Like a lot of other people, I’m in the dark about what our relationship with Europe will be like. Will we be in the free trade zone, or out of it? Will just anyone be allowed to come into the UK from Europe, or will they have to prove they’re wanted? Will we have to pay to travel outside the UK?

There are so many unanswered questions, it’s as if we’re being deliberately blind-sided.

True, it would help to know who we are dealing with. So we’d better wait until after the Germans have decided on their future. Likewise the French. And anyone else who’s got an election coming up.

But should we wait until after the Americans have decided on their president? That would mean waiting until late November, at the earliest.

It seems a long way off. But then, Europe seemed a long way off at one time. It was a foreign place, the other side of a stretch of water. Now it’s only a tunnel away and we (us Brits) are part of it.

At least, I think we are.

I’d like to know, one way or the other.

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Will someone please tell us what’s going on?

It’s a few weeks since Britain was asked to vote IN or OUT of the European Union, and we were given to expect swift action following the result.

Yet nothing has happened. We are as we were before: stuck in a land of uncertainty.

All that has changed is the leadership of the Conservative Party, and thus the Prime Minister. Where once we had an Old Etonian in charge, who rolled up his sleeves and wanted to be one of the blokes, we now have a well-dressed, state-educated woman in the post, who seems to  want to be a lady.

All that has happened is that the government seems to have lurched to the right. The Prime Minister has voiced her support for grammar schools and her concern about the Chinese investment in our nuclear future, and the Transport Secretary has described as ‘militant’ those who would try to get a better deal for their members.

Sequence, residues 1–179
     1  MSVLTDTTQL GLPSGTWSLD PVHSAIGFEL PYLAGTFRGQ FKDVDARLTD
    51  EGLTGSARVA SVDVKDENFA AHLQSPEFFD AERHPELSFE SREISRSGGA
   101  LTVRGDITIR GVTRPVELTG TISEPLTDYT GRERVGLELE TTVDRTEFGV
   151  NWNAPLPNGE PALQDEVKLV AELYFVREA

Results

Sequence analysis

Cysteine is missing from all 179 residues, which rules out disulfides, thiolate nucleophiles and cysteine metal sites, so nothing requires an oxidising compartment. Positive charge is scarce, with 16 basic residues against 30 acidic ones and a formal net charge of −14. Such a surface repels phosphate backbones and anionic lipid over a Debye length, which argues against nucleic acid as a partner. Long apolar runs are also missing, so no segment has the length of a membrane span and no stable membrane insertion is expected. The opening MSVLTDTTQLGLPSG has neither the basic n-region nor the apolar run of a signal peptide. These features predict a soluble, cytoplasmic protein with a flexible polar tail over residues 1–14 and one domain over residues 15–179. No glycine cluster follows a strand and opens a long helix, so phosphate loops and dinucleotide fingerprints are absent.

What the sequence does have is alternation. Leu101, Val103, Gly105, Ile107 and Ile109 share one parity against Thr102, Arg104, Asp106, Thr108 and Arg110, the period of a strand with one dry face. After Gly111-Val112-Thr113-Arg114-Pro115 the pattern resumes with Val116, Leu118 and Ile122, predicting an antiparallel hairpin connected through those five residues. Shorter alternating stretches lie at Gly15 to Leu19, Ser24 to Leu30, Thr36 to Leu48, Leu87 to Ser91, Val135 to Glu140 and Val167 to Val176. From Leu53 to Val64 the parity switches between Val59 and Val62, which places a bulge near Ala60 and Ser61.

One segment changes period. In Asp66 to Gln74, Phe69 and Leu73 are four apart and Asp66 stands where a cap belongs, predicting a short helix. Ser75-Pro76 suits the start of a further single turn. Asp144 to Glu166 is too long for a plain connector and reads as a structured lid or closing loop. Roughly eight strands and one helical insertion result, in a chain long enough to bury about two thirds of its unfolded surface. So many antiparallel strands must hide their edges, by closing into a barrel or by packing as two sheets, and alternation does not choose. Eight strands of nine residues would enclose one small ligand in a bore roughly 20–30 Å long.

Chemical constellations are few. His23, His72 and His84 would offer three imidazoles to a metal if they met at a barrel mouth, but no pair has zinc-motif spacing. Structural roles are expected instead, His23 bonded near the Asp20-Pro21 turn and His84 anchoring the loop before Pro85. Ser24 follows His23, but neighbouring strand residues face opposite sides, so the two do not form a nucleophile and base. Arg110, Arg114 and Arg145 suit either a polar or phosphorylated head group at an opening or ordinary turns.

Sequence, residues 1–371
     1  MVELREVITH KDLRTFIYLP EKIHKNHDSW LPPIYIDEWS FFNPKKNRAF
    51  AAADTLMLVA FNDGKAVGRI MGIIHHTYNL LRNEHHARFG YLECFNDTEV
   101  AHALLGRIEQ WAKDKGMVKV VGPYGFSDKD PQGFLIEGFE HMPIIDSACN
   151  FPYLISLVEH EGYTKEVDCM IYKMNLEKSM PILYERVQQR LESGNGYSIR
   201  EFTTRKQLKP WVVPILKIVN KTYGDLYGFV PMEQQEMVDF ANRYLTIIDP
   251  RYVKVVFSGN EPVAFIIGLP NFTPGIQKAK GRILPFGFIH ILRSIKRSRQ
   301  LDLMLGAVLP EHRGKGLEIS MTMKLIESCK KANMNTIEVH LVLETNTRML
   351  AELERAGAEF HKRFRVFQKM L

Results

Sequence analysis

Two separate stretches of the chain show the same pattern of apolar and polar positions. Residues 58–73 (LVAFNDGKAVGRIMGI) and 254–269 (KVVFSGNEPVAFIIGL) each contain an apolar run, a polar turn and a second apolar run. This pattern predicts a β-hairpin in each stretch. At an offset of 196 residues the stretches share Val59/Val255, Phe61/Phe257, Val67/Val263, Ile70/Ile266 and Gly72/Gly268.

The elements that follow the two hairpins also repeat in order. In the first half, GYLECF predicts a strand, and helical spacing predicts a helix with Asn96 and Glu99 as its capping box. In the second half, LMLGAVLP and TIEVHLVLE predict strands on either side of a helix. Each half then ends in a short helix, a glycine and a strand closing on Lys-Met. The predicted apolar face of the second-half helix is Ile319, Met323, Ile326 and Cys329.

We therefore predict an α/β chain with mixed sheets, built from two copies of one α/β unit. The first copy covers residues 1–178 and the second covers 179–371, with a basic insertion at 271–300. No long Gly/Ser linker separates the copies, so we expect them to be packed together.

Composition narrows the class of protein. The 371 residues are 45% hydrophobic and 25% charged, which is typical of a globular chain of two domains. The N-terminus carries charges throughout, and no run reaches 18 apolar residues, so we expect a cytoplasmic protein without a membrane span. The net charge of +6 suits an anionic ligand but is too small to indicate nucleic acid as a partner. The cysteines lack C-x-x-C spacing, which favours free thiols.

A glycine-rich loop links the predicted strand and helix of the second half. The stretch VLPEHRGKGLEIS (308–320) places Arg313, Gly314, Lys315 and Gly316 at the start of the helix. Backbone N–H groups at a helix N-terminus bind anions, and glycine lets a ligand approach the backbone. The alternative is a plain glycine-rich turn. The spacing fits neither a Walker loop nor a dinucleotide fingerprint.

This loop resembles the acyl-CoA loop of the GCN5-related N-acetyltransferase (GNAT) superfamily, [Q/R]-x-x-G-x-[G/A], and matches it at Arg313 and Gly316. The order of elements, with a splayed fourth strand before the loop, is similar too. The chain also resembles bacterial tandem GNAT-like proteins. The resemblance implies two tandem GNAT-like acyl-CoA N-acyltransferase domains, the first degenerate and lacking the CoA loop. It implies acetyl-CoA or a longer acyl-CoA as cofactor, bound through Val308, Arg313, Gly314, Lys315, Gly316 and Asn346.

It seems that, if all that we see comes to pass, we shall be living in a land where the elite get all the top jobs (because they’ve been to a better school) and the rest are believed to be militant. Or, at least, malcontent.

Cameron has disappeared. Some say that June’s referendum on IN or OUT of Europe was called by him to placate the right wing of his party, and that he was convinced he and his beliefs would win. Now, it looks as if he left the job in an hurry because he didn’t want to have to clear up the mess he left behind, or be called on to deal with the big beasts of the right who would probably savage him. May was what the backbenchers would call “a safe pair of hands”, although she is best remembered for being a smart pair of shoes.Screen Shot 2016-08-11 at 17.06.54

It also looks as if we don’t know where we’re going. Or with whom.

Isn’t it time someone – I don’t much mind who – told us a few truths about the future.

At present, we seem to be drifting, with a weakened currency and no political direction.

 

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Which game next?

In the weeks since Britons were asked to vote whether they’d like to stay in or leave the European Union, we have been in a state of limbo. And that’s no place to be.

Almost as soon as the referendum result was known, David Cameron resigned. Some would say that was cowardice; others that it was the sign of a shrewd mind that knew chaos would follow a national vote called to placate his right-wing enemies.